Marriage and Family Therapy: What You’ll Earn
Read about salary and job outlook predictions for marriage and family therapists.
Median Annual Salary
Marriage and family therapists focus on how people interact within marriage and family units, rather than the traditional emphasis on the individual. A marriage and family therapist generally takes a holistic, or mind-body, approach to his or her duties, working together with clients to solve issues and establish a plan of action for resolution of domestic problems. Here are some statistics on salaries, job growth, and employers.
According to the U.S. Bureau of Labor Statistics’ (BLS) 2020 Occupational Outlook Handbook, the median national annual salary for marriage and family therapists is $51,340. Actual salaries may vary greatly based on specialization within the field, location, years of experience and a variety of other factors.
How does a marriage and family therapist’s salary compare to other counseling careers?
|Psychology Career||Median Annual Salary*|
|School and Career Counselor||$58,120|
|Mental Health Counselor||$47,660|
|Substance Abuse Counselor||$45,960|
Source: U.S. Bureau of Labor Statistics’ 2020 Occupational Employment Statistics
*The salary information listed is based on a national average, unless noted. Actual salaries may vary greatly based on specialization within the field, location, years of experience and a variety of other factors. National long-term projections of employment growth may not reflect local and/or short-term economic or job conditions, and do not guarantee actual job growth.
What is my earning potential?
Marriage and family therapists in the top 10% may earn more than $92,930 annually according to the BLS. Those working in private practice generally earn a higher income than their counterparts, but the BLS reports that most MFTs are employed within individual and family services industries and organizations.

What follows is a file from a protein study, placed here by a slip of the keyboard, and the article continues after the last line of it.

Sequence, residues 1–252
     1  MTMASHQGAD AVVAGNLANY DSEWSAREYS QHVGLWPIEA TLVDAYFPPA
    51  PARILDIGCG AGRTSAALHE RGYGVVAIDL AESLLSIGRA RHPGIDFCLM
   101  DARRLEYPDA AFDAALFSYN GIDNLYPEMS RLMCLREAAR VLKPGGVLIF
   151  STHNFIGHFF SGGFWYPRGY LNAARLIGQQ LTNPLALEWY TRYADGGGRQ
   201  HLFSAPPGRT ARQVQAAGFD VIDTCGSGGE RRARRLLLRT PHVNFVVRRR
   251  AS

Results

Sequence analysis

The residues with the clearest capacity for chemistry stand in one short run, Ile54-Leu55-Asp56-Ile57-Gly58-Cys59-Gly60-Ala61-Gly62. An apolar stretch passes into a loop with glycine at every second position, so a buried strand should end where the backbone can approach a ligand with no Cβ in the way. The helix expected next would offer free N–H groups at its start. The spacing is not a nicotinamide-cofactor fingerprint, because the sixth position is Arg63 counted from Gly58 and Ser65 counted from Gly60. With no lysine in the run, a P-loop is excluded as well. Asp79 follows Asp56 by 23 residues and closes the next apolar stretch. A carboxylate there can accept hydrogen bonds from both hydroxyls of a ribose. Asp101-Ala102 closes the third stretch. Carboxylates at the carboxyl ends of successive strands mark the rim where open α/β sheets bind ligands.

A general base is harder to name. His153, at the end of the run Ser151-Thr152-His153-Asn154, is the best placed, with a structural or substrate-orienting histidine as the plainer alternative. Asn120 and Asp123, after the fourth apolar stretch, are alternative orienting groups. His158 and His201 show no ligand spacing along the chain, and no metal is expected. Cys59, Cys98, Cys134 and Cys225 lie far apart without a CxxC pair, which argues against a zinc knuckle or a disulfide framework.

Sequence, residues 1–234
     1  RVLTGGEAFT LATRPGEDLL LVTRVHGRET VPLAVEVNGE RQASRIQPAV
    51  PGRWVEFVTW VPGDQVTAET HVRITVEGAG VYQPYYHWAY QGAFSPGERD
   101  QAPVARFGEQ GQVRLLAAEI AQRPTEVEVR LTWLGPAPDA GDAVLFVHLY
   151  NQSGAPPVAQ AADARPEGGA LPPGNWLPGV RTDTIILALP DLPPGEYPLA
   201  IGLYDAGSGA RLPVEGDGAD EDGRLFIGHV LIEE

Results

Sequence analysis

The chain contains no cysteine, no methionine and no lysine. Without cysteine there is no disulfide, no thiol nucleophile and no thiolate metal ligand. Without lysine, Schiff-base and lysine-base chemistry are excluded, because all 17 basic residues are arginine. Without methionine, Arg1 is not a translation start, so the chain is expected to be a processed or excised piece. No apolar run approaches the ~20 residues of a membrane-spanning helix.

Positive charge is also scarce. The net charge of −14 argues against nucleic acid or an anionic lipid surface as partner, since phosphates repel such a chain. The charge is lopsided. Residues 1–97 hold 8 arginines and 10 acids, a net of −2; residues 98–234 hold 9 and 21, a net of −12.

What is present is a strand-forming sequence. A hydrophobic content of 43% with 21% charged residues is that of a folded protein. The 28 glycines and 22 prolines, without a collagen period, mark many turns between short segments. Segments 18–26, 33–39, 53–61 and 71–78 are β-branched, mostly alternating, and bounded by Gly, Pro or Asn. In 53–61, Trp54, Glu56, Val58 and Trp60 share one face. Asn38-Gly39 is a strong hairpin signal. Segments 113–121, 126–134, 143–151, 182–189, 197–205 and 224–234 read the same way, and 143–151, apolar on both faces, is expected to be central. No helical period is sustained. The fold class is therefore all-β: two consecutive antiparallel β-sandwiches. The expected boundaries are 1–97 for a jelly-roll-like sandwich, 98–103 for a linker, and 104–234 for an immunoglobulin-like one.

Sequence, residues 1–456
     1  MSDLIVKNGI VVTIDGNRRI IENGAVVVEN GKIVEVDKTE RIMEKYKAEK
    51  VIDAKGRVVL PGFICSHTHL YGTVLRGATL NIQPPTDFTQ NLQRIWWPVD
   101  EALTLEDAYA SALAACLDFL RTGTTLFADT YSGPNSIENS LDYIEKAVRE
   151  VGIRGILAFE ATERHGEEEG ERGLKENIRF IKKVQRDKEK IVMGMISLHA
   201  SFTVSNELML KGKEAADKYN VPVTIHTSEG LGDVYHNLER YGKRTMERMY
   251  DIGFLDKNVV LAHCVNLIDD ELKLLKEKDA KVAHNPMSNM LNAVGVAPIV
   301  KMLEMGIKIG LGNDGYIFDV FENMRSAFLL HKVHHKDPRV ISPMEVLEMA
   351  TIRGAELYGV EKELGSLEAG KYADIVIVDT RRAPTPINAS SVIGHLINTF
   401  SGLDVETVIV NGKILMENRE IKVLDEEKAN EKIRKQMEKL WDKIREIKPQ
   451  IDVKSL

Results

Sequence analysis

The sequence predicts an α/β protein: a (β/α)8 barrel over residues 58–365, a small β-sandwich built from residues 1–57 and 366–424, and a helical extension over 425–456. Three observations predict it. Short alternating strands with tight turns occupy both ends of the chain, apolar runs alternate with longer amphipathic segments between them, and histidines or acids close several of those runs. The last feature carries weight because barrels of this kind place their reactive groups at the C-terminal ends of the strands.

Is there demand for this career?
According to the BLS, career employment for marriage and family therapists is expected to grow much faster than average as more people turn to professionals to help them cope with relationship and family issues and the stress of daily obstacles such as depression, substance abuse, behavioral problems and infidelity, among others.
What is the job growth for the field?
Employment of marriage and family therapists is expected to grow 22% through 2029, which is much faster than the national average for all occupations. National long-term projections of employment growth may not reflect local and/or short-term economic or job conditions, and do not guarantee actual job growth. Take a look at what some of the other counseling occupations can expect as far as job growth:
Job Outlook Comparison Through 2029
- School and Career Counselors—8%
- Mental Health Counselors—25%
- Substance Abuse Counselors—25%
- Rehabilitation Counselors—10%
How much competition will I face for a job?
U.S. News and World Report named marriage and family therapists as one of its top 100 careers in 2021, ranking it at #20 in their survey. Although states such as California have suffered layoffs and budget cuts in health care, the Veteran’s Administration has been hiring MFTs. So finding a job may largely depend on where you seek employment.
What kinds of companies hire MFTs?
According to the BLS, marriage and family therapists are most frequently employed by the following types of industries or offices:
- Individual and family services
- State Government
- Outpatient Care Centers
- Offices of Other Health Practitioners
How do I advance in my MFT career?
Some MFTs go on and earn a Licensed Clinical Social Work (LCSW) degree. This allows them to move past therapy-only practice and attain the flexibility to become an administrator.
Other MFTs may decide to earn a Doctor of Marriage and Family Therapy (DMFT), which is similar to a PhD but is a practitioner-oriented program that differs in that it prepares professionals to contribute to their chosen specialty in the clinical rather than academic arena. Degree-holders can then work as top-level practitioners, agency administrators, clinical supervisors or senior clinicians.
To learn more about the education required before becoming a therapist, read more about marriage and family degrees.